This somewhat ridiculous nickname - the 'Baby Taj' - really does not describe the beauty of this exquisite little mausoleum on the eastern bank of the Yamuna. The first Mughal tomb to be built of white marble, this beautiful tomb was constructed by the Empress Noorjehan between 1622-28 CE, for her father Ghiyas Begh 'Itmad-ud-Daulah' (a title meaning 'pillar of the state'). It is believed that, along with the Tomb of Humayun in Delhi, this was one of the precursors of the Taj Mahal.
Tickets for Itmad-ud-Daulah cost Rs 20 per adult (Indian); children up to twelve go free. You buy tickets at the gate, then walk up to the main gate of the monument, a magnificent structure of red sandstone covered with white marble pietra dura inlay. Through this gate, and you enter a typical Mughal charbagh, a square garden bisected by water channels (currently dry), with the mausoleum sitting in the middle, where the channels meet. Like the gate through which you entered, there are similar gates in the centre of each of the walls forming the boundary of the charbagh. The fourth gate, beyond the tomb, is the river gate, a pavilion offering a great view of the Yamuna.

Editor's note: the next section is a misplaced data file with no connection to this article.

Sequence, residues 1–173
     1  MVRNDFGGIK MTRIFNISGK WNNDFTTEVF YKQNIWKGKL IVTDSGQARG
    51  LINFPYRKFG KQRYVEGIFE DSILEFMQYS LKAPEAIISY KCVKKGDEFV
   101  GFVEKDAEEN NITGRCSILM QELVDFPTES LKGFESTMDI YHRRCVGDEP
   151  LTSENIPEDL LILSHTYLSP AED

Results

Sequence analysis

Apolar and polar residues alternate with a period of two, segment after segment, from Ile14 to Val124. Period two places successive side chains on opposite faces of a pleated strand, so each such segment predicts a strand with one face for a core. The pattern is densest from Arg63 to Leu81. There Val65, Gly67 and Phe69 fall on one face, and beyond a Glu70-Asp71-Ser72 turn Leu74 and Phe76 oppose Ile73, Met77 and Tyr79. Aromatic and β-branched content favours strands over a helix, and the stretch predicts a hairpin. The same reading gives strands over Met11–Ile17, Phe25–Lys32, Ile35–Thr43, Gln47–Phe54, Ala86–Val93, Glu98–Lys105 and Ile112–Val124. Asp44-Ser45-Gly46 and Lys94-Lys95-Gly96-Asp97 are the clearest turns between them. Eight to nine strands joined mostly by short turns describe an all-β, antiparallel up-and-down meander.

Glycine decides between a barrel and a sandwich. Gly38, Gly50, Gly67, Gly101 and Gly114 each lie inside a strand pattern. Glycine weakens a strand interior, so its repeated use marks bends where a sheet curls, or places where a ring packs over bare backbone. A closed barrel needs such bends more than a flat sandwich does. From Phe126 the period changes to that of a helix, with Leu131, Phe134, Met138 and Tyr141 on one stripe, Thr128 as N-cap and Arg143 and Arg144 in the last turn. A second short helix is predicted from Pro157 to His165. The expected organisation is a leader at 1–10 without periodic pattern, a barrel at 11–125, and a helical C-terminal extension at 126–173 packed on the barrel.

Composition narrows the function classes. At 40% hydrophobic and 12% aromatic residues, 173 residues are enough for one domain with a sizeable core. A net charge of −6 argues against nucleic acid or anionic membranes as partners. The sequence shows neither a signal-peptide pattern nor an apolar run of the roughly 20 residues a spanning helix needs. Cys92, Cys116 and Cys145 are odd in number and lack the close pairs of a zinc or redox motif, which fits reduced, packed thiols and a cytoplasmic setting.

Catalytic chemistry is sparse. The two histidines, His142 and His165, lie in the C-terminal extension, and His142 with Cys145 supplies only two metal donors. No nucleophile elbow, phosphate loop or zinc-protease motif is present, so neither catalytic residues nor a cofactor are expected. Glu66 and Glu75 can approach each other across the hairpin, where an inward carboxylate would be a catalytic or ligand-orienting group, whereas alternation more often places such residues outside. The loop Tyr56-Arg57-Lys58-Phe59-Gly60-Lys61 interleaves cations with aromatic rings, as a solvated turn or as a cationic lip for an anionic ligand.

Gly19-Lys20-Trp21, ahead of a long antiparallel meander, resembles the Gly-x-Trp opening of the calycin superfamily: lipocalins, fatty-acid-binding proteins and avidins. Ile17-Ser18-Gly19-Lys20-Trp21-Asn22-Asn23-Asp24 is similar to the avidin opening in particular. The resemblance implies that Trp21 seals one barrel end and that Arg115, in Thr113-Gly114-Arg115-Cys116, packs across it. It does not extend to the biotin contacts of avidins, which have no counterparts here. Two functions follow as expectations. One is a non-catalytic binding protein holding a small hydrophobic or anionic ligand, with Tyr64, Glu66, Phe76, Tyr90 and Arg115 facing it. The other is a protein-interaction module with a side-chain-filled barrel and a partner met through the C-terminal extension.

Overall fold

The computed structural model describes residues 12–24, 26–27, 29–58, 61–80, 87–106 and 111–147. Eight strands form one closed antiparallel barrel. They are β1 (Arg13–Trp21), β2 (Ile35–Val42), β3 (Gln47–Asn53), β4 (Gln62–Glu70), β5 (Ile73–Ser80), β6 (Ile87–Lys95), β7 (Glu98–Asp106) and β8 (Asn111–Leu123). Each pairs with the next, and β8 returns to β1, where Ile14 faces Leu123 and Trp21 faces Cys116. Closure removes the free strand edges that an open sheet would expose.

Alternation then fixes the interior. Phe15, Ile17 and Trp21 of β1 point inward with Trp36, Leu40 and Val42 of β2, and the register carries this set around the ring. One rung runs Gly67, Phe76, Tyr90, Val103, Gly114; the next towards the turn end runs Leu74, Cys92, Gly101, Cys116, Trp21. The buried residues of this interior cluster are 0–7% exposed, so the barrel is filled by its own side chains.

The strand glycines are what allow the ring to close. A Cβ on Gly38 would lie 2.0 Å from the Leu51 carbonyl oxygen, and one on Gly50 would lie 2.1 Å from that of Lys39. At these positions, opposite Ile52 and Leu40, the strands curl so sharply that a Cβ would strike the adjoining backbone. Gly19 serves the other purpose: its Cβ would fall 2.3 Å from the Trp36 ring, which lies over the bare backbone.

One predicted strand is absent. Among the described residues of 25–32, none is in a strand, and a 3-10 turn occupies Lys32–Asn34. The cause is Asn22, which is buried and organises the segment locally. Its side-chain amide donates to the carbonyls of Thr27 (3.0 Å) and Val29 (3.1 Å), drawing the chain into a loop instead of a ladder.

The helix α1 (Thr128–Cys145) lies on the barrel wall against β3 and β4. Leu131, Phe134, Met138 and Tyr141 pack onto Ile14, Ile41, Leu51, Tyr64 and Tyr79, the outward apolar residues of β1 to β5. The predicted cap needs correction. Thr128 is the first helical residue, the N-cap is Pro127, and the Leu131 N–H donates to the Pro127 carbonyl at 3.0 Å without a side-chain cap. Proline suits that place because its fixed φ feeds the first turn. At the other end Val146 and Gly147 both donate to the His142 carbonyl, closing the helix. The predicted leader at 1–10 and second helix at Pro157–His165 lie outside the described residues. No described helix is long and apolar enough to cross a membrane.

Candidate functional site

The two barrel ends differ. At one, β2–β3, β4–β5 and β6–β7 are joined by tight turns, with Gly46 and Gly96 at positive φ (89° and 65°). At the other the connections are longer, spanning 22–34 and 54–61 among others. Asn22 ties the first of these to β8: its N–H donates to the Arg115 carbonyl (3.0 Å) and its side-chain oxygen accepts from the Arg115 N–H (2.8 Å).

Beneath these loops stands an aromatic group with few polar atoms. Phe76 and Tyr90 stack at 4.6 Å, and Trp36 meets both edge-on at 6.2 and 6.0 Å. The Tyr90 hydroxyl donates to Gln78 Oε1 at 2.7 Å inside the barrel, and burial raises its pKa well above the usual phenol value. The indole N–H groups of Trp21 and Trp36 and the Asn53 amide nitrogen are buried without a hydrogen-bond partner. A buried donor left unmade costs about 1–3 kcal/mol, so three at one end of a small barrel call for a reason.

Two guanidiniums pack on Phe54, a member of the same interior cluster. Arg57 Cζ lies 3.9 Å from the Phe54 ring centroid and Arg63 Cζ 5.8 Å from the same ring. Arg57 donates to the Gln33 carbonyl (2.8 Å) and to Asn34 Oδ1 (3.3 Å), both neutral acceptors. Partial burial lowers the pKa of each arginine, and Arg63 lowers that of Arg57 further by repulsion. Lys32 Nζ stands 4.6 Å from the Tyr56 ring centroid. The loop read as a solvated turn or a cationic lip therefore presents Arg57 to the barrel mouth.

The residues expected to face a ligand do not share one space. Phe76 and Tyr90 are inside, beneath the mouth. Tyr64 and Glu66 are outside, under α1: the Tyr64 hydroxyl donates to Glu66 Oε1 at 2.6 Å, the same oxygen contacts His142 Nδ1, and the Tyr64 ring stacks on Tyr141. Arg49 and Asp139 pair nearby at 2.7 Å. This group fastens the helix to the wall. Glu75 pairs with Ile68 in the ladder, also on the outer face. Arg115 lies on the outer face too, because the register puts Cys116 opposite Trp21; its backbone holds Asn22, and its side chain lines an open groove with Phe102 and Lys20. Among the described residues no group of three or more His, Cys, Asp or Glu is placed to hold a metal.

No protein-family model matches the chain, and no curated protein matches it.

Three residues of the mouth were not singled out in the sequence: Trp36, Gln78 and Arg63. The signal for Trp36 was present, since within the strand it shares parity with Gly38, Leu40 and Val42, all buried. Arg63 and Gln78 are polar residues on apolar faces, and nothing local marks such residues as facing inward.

You have to take off your shoes (there's a rack in one corner) to climb up to the platform (there are steps, but also a ramp, so it's wheelchair accessible). The tomb is stunning, lots of lovely inlay work, paintings, and even some carved white marble.